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How do you manage your color match

Discussion in 'Tips & Tricks' started by bigben, Oct 23, 2019.

  1. bigben

    bigben Very Active Member

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    Hi, I would like to know how do you work to color match a pantone or if a customer bring you something that need to be matched? I need new ideas because I think my process is too long for nothing. Thank you.
     
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  2. ColoPrinthead

    ColoPrinthead Swollen Member

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    I adjust the color at the RIP most of the time, if I have a hard time with that I will print similar pantone colors and adjust the closest ones color built to get what I need.
     
    • Like Like x 1
  3. bigben

    bigben Very Active Member

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    Adjust the color at the RIP? That is a new one for me. Can you elaborate? I do create my own profile within caldera and a spectrophotometer. So I assume I must be able to do this also?
     
  4. ColoPrinthead

    ColoPrinthead Swollen Member

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    I use color replacements and adjust the CMYK build.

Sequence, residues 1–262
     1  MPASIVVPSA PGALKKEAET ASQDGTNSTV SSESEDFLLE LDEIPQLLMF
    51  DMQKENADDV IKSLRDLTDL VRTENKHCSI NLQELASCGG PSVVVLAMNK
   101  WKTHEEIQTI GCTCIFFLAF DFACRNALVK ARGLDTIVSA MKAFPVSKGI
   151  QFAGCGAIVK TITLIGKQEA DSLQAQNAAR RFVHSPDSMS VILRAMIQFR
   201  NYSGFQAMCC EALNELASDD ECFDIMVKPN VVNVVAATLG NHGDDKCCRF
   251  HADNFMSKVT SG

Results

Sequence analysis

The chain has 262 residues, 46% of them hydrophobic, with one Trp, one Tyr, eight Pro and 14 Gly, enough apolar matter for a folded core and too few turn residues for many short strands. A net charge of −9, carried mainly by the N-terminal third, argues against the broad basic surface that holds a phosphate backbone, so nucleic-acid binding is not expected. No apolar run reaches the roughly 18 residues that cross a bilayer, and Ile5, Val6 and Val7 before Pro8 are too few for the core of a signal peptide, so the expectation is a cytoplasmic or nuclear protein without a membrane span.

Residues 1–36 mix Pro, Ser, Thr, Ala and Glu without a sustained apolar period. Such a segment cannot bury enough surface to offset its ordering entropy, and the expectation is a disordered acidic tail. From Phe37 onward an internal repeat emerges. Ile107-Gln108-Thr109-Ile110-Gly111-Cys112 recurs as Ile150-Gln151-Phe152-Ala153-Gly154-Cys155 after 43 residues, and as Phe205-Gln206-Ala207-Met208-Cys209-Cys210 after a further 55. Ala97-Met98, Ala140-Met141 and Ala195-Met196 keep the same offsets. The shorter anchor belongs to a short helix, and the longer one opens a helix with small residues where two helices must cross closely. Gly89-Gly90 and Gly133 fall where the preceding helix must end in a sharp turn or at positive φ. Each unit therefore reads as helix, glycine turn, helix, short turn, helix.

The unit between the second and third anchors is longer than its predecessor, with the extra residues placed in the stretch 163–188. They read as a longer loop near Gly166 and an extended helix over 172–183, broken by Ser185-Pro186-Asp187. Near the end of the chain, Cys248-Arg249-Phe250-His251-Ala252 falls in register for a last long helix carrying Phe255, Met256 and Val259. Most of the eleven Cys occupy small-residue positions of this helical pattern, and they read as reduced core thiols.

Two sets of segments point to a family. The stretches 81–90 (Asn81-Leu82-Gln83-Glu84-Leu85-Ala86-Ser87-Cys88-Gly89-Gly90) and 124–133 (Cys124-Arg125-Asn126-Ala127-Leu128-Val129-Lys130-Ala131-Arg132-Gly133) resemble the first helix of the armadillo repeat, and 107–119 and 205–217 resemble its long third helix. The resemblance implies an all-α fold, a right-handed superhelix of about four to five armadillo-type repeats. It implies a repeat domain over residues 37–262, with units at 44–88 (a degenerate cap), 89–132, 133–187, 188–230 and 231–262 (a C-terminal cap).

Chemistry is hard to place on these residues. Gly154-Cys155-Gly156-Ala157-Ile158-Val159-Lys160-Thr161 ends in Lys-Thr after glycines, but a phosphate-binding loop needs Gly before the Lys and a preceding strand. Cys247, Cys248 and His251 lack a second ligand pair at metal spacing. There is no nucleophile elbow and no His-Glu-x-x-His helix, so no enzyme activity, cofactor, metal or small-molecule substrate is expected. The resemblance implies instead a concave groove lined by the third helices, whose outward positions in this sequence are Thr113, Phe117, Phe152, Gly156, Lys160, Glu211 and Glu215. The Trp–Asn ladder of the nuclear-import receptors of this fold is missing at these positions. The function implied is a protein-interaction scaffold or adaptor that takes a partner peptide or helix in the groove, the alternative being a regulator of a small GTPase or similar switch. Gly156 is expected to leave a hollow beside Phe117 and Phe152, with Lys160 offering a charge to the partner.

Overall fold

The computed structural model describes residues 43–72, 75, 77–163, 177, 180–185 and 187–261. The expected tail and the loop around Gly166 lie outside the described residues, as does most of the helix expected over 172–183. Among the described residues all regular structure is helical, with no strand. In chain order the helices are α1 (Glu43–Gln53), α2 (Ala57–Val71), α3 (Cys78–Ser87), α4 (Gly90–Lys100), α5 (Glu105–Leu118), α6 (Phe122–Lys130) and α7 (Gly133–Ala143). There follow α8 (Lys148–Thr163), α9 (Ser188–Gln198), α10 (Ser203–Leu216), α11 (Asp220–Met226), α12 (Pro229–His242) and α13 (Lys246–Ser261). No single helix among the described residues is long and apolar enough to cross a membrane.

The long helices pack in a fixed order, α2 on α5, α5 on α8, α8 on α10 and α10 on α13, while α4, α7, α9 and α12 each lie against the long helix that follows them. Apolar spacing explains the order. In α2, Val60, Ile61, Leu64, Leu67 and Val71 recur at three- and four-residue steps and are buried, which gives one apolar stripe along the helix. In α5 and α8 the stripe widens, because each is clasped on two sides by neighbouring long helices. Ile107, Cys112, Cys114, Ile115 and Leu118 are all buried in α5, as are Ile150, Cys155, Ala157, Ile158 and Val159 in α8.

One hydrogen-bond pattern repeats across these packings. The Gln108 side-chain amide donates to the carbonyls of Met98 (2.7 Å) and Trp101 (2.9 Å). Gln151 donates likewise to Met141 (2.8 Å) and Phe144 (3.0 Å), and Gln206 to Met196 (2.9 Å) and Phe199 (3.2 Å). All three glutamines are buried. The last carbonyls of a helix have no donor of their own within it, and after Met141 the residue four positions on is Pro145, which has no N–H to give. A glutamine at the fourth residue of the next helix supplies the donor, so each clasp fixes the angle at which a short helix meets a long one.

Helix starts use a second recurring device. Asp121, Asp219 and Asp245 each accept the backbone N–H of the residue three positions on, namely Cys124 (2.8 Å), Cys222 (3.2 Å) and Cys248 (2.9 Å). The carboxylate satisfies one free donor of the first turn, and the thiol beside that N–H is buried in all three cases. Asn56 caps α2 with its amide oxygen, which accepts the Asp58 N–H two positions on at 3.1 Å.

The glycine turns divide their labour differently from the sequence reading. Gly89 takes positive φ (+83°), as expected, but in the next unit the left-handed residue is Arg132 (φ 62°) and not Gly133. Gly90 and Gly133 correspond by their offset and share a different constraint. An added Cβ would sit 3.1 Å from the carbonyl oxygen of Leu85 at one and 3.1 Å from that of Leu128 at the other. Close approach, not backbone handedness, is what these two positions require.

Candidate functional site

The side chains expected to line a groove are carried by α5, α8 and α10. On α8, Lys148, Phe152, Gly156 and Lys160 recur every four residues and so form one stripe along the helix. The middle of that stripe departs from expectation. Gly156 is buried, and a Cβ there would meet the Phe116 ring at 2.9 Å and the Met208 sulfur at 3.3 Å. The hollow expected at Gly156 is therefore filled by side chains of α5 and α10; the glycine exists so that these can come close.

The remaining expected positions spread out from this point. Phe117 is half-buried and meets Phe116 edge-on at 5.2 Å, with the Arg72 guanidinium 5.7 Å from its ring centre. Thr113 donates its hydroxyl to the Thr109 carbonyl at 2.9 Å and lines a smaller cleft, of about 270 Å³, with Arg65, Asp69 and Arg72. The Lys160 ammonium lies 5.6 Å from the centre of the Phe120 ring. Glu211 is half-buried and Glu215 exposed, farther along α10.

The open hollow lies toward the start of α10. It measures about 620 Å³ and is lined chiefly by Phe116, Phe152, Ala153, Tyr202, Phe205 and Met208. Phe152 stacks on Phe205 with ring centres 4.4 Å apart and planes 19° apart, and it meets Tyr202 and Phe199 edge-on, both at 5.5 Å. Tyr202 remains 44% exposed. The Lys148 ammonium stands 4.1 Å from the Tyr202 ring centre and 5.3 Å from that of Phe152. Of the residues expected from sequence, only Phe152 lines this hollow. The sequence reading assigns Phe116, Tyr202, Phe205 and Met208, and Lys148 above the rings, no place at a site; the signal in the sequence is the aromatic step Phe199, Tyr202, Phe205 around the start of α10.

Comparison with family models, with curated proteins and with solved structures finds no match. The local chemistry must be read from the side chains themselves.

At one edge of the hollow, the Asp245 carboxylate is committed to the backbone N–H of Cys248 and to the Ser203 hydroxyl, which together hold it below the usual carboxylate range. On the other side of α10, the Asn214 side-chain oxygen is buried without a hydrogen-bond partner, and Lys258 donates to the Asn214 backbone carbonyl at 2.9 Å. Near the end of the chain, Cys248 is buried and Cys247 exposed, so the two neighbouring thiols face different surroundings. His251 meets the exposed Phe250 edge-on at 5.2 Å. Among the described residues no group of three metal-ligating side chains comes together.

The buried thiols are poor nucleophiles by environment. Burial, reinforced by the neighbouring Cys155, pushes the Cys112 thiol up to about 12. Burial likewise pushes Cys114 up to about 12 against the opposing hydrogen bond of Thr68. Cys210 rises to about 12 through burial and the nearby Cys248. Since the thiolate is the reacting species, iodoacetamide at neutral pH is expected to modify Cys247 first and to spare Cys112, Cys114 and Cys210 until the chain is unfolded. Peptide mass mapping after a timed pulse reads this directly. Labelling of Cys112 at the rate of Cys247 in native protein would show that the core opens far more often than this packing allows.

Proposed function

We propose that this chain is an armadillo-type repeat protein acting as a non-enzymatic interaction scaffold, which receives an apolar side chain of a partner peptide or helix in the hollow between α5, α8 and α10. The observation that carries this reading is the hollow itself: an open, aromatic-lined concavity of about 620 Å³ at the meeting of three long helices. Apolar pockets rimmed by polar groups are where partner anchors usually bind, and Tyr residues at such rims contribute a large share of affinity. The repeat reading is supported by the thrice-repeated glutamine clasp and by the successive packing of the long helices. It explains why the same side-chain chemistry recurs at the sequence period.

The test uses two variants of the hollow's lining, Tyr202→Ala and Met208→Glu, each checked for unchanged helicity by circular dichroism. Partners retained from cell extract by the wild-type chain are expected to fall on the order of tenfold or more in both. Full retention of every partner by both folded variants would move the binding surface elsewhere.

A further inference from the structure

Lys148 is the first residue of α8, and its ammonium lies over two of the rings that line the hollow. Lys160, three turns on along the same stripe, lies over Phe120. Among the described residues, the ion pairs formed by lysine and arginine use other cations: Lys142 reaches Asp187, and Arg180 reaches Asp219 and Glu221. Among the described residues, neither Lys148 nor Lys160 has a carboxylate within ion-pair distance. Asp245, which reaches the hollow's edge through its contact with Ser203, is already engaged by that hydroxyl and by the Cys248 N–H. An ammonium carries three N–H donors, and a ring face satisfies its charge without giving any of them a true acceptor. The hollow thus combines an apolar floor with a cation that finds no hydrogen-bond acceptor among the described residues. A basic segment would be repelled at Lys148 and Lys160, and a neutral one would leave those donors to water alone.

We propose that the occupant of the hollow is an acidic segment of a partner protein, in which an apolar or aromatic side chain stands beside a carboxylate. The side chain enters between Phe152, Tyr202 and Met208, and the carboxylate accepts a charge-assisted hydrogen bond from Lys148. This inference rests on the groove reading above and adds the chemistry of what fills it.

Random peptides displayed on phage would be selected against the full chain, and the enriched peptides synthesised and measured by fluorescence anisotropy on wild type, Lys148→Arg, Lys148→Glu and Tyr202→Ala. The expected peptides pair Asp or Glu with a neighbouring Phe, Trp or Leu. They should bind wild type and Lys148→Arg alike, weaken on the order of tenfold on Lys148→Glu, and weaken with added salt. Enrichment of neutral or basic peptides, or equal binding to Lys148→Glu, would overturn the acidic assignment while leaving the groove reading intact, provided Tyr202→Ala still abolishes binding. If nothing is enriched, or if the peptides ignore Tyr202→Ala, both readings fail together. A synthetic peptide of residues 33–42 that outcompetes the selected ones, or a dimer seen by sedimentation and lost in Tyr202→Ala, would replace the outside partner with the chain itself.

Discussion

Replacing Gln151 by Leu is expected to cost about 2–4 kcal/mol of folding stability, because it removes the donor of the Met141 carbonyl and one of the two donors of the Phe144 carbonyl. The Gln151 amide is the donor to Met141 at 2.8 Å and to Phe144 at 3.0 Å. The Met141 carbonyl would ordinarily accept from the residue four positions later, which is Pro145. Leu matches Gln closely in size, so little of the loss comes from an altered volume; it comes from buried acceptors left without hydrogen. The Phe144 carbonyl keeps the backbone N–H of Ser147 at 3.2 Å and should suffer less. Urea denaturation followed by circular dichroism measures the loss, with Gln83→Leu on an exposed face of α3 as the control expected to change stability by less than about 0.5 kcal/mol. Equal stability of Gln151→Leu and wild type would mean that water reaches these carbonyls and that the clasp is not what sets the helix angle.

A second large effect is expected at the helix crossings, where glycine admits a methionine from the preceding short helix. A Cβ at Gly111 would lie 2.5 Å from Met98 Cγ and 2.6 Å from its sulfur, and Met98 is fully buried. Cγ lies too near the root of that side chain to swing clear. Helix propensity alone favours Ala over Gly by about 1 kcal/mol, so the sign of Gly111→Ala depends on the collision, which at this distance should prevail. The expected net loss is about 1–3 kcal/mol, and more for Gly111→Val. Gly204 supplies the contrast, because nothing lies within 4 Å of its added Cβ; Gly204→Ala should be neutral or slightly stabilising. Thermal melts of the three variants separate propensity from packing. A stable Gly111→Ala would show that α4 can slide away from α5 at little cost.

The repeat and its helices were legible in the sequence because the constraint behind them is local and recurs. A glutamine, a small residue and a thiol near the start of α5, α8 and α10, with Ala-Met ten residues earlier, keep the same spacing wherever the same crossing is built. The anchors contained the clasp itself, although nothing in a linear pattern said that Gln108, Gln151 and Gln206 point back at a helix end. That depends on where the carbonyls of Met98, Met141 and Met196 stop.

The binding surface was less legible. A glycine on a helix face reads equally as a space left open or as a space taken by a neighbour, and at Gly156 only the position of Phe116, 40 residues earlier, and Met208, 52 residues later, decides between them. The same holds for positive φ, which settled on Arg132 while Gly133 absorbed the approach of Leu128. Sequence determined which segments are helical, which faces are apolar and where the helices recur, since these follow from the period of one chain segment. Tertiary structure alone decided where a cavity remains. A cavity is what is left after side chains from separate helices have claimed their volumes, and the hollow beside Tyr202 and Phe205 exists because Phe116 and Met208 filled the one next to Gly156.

5. myront

    myront CorelDRAW is best

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    Seems to depend more on the printer and/or the RIP. With our HP360 and Flexi Print Manager we've had to create custom profiles in order to match pantones. The only way we've found is to increase the number of passes which slows the print down tremendously. Also pdf seems to convert closer to those pantones. If sent using the RGB or CMYK values from the formulas listed in the pms swatch they don't come out right.
     
  6. bannertime

    bannertime "You guys do banners, right?"

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    We recently started using Production Manager's color mapping. It does pretty well, but for some stupid reason the settings disappear and color matching to another job becomes even more time consuming. BUT when it works, it's pretty quick.

     
    • Informative Informative x 1
  7. BIG EASY DOES IT

    BIG EASY DOES IT Very Active Member

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    FlexiSign - Find the Pantone Spot color - convert to CYMK - Go to View>Create Swatch>CMYK use this tool to create your 10% color shifts in each direction of CMYK. This hits our color everytime basically. You can go into advanced and change the percentage of the color shift in each direction also.
     
  8. Bly

    Bly Very Active Member

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    Onyx has a Swatch Book Tool.